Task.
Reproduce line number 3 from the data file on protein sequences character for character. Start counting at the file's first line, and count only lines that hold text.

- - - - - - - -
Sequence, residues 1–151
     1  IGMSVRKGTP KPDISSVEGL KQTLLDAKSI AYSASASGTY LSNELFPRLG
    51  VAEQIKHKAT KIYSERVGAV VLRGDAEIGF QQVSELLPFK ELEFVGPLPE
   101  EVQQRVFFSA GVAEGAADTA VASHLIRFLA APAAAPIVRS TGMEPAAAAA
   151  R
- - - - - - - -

    51  VAEQIKHKAT KIYSERVGAV VLRGDAEIGF QQVSELLPFK ELEFVGPLPE